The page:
Other vaccines, such as the TB vax, target bacteria not viruses. Bacteria carry larger genomes that are not so changeable, so anti-bacteria vaccines also are pretty long-lasting compared to many anti-viral vaccines.

Yet other vaccines, such as those against tetanus, diphtheria, and pertussis do not even target the pathogen at all, but target toxins produced by the bugs. Vaccinated people produce antibodies that neutralize the toxins and this prevents disease. These vaccines do not forestall infection, they simply prevent the ill effects of the pathogen. Therefore, for these toxoid vaccines, there is no immunological selective pressure to select pathogen variants that can avoid vax immunity. Vaccines against these toxins also tend to be among the longest-lived vaccines.

Vaccine immunology. Vaccines aim to mimic natural immunity we develop to infection with pathogens. By exposing the body to harmless imitations of a pathogen, vaccines create an immune response and immune memory against pathogens, while avoiding the disease caused by the bugs. When an infection does occur in a vaccinated person, a rapid and robust immune response is mounted, first with B-cell generated antibodies that latch onto the invaders and prevent them from spreading and causing illness. Then T-cells secret cytokines that further ramp up the inflammatory response, and other T cells attack pathogen-infected cells. As explained earlier in these pages, antibody responses tend to linger only a few weeks to a few months and then gradually decay. This is good; otherwise your blood serum would be like syrup from all the antibodies against all foreign things you encountered over your lifetime. While antibodies circulating in your blood are good for quickly attacking infections shortly after infection, they do not confer long-term immunity. What confers long-term protection is what are called memory cells. These are a relatively few T and B cells that go dormant after fighting an initial infection or responding to a vaccine, but hang around awaiting a new infection to signal them to quickly roar back to life and mount a vigorous response against their cognate pathogen. This secondary response to a previously seen pathogen is much faster and usually nips the bug in the bud so you don’t even know you were infected.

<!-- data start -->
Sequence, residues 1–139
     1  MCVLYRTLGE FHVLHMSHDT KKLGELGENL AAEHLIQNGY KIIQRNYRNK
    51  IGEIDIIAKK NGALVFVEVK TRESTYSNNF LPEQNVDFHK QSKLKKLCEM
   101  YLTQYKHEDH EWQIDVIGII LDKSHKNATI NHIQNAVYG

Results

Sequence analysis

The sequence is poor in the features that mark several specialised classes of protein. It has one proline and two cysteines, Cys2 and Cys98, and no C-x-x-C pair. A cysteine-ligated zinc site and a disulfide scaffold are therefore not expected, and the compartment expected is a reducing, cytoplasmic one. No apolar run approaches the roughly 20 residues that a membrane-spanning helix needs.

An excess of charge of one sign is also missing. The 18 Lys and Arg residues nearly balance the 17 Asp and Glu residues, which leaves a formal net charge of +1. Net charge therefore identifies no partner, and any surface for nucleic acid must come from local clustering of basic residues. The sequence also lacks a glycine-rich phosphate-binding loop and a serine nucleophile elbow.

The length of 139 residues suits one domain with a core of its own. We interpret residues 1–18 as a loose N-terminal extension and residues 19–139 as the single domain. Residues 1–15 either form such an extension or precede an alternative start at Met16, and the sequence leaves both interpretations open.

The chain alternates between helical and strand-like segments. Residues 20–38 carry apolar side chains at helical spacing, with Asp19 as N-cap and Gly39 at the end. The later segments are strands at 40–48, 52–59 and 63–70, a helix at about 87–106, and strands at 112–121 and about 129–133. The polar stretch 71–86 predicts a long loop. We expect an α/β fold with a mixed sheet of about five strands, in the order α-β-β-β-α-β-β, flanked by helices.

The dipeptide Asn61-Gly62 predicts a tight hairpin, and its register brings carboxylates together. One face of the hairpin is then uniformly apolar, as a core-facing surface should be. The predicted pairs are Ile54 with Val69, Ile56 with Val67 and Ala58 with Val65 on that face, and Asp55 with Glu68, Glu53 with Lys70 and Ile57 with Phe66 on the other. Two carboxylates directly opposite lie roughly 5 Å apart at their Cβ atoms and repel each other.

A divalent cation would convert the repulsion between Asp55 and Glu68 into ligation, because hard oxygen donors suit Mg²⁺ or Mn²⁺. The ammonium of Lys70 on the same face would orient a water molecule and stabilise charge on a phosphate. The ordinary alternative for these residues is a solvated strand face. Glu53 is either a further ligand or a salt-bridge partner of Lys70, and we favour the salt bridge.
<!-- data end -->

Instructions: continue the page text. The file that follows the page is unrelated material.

When we hear that CoV-2 immunity decays only a few months after vaccination, the reports usually refer to declining levels of anti-CoV-2 antibodies, which happens naturally. Such announcements do not take into account your immune memory, which is harder to measure, but which is a better metric of your long term immunity. The problem also is that we simply have not had enough time with the vaccines to know how long their immune memory persists. It seems relevant that a study published in July 2020 reported that people who were infected with SARS in 2003 maintained robust T cell immunity 17 years later. So far, indications are that even though antibody levels fall over time, immunological memory after vaccination also remains robust. This is seen by the continued protection from serious disease and death in vaccinated people with low antibody levels. The vaccines and the immune memory they stimulate are working. How long that memory persists is unknown. Time will tell.